Recommendations There are many factors that contribute to the optimal choice of oil, because every car experiences a different type of service with varying levels of maintenance. First and foremost, you must determine what level of protection you want for your engine, given how you drive the car. For most drivers and situations, a Group IV lubricant such as Mobil 1 or Amsoil would suffice. Someone that drives their car on the track or frequently engages in spirited driving on the road and wants the best performing oil should look to a Group V lubricant such as Red Line. Second, it is important to analyze the average distance you travel each time the car is started. A driving routine consisting of short trips (anything less than 10 miles per drive) is extremely hard on the oil. In this type of situation, the oil is never given the opportunity to reach full operating temperature. Consequently, byproducts from combustion such as moisture and acids are not burned off. Plus, during the first few minutes of combustion the piston rings have not expanded fully, allowing unburned fuel to pass into the oil. These byproducts build up in the oil and degrade the additives at an accelerated rate. Extended periods of idling (especially if the car is allowed to sit after start-up) are also hard on the oil; because the engine heats up much slower than if the car was driven. The vehicle should be driven away within 30-60 seconds after start-up, while maintaining light throttle applications and keeping revs below 3000 rpm. If the majority of your driving consists of short trips, you should be using at least a Group IV lubricant to assure adequate protection. The third step is to establish a drain interval. When determining this, the best thing to do is perform an oil analysis (Oil Analyzers Inc.). Using a general drain interval for each type of oil is a start, but considering that each car has its own specific requirements and everyone drives differently, an oil analysis is really the only way to make sure that you are not changing the oil too soon or too infrequently. It is definitely worth the $20 or so that it costs to have this done. Plus, you get an indepth look at what is happening inside your engine that will alert you to any potential problems. For the first drain interval before you perform the oil analysis, a conservative recommendation would be to drain Group II-III oils at 3,000 miles, Group IV oils at 6,000 miles and Group V oils at 9,000 miles. The oil filter should still be changed every 3,000-4,000 miles, because your engine will still produce contaminants and byproducts no matter what oil you use. If you are using an oil that is suitable for extended drain intervals and you plan to leave the filter in for longer than 3,000 miles, simply use the multiple of that interval for the oil drain interval. For example, if you want to change the filter at 3,500 miles and you are using Mobil 1, you should change the oil at 7,000 miles for the first interval. Finally, the myth that a car should not be switched to a synthetic if it has run petroleum oil for the majority of its life is unsubstantiated with modern synthetics. The only times that you should not switch are if the engine currently has leaks or if the oil was severely neglected for the majority of the cars life. This is a concern, because synthetics have a high detergency and will break down sludge inside the engine, possibly causing “clots” within the small oil passages. In regard to leaks, synthetics will not cause them, but due to their superior flow characteristics they will leak easier than petroleum oils if any leak is present. To deal with this issue, some people will mix synthetic oil with petroleum oil or use a semi-synthetic. I don’t recommend this, because it’s not known how the different additive packages will react with each other. Also, with a semi-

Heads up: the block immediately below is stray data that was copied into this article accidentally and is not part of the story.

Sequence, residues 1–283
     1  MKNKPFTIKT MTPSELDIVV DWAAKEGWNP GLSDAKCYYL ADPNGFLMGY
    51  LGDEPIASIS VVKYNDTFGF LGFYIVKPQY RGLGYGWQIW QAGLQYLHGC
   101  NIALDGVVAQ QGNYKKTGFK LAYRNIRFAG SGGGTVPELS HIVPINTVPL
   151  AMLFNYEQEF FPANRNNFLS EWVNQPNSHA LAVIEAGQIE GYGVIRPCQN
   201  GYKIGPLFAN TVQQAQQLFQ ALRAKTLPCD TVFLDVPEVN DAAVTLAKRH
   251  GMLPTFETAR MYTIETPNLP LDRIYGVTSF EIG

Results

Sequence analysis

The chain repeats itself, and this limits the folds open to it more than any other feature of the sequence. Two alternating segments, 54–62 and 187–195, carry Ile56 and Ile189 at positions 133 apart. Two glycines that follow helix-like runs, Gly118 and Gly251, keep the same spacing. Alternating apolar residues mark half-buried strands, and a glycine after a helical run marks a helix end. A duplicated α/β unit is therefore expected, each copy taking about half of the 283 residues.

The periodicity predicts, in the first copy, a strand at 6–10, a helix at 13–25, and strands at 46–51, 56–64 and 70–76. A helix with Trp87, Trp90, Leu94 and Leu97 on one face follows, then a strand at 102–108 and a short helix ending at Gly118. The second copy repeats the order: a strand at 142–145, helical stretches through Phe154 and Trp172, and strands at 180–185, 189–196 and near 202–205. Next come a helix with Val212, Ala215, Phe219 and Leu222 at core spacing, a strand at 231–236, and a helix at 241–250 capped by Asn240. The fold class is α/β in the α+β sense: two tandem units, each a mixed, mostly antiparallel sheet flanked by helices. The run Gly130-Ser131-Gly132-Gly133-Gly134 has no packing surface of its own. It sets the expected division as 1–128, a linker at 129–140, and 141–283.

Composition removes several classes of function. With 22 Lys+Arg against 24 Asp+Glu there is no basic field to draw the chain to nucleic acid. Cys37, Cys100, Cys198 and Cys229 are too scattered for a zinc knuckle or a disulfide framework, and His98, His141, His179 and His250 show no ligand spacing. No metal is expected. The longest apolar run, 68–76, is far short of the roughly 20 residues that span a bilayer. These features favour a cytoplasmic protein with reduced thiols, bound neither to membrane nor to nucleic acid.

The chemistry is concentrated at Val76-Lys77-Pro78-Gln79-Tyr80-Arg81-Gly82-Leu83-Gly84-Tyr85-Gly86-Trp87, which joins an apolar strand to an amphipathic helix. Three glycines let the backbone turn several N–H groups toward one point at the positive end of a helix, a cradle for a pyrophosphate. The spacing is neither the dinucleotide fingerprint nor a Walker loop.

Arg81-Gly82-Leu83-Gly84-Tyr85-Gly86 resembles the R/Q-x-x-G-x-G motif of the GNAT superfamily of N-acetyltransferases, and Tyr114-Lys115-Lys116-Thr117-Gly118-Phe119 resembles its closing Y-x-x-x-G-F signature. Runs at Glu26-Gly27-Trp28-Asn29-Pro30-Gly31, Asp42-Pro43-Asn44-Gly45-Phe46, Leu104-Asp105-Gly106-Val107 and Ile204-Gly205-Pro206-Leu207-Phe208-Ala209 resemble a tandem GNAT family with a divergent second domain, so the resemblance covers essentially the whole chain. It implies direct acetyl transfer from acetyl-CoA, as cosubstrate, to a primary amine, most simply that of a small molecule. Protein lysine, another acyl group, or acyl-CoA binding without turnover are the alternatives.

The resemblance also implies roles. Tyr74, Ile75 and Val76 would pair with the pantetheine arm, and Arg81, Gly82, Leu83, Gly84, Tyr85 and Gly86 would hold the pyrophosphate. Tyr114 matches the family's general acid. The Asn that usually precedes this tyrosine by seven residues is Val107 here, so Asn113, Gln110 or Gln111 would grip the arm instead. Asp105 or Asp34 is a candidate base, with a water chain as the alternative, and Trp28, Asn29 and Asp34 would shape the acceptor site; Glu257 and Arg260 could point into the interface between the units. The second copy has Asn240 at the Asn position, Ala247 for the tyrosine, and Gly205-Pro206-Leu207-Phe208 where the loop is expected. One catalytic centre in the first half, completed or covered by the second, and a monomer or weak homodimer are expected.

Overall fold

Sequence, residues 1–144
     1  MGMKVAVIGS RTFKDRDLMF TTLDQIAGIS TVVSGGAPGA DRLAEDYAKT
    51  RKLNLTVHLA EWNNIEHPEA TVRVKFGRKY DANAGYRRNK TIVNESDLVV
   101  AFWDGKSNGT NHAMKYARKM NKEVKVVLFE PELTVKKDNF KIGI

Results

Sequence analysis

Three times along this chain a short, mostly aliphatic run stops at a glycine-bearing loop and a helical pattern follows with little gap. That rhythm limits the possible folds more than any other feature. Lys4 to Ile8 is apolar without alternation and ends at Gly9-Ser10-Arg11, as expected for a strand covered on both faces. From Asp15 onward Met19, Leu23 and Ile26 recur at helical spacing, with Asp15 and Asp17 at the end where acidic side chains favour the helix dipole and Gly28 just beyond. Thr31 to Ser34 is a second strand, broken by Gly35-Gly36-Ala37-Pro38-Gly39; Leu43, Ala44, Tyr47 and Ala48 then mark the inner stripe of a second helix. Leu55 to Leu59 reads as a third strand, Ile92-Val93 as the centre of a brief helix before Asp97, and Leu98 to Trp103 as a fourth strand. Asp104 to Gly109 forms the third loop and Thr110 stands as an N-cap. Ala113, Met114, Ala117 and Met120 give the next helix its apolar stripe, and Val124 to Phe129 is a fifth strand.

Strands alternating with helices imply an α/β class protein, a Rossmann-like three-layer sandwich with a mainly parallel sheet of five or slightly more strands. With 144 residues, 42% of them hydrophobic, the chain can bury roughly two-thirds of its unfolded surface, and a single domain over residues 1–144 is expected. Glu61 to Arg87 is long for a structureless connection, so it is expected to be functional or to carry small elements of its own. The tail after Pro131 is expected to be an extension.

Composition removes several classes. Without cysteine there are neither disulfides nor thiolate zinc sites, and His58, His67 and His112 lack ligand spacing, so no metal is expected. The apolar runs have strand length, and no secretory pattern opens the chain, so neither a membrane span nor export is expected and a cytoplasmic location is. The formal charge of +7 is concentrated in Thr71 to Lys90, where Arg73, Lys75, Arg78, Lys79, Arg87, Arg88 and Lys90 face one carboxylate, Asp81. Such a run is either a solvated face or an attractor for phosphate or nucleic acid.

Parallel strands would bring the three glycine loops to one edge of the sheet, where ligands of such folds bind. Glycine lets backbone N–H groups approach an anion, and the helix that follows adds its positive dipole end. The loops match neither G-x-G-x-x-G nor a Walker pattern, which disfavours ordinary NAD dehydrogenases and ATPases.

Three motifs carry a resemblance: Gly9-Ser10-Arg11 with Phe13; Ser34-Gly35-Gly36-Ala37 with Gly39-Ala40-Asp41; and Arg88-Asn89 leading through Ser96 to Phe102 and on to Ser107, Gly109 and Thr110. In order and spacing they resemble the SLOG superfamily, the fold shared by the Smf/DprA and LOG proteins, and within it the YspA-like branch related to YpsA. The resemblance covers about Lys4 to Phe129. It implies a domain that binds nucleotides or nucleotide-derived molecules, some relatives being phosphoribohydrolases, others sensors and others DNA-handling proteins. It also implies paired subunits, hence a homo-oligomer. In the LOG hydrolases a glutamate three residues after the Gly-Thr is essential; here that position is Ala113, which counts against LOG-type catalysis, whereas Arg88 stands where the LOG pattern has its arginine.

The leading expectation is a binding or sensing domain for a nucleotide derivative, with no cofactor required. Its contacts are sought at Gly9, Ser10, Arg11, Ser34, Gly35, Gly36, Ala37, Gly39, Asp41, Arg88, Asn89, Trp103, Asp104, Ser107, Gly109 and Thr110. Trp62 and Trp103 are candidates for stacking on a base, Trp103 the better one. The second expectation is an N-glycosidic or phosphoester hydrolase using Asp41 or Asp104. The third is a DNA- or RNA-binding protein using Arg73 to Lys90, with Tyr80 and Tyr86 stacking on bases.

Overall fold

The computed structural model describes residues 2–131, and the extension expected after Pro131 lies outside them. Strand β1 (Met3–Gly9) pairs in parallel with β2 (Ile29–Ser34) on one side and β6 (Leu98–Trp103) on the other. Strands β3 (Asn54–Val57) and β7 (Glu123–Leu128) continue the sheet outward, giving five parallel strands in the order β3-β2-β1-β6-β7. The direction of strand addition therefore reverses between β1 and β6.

synthetic, the manufacturer can add only a drop of synthetic per bottle and call it a semi-synthetic. So, it’s hard to know exactly what you are getting. I hope that you found this article informative, giving you better insight when making decisions about engine oil for your BMW. If you would like to discuss anything further, feel free to email me at [email protected]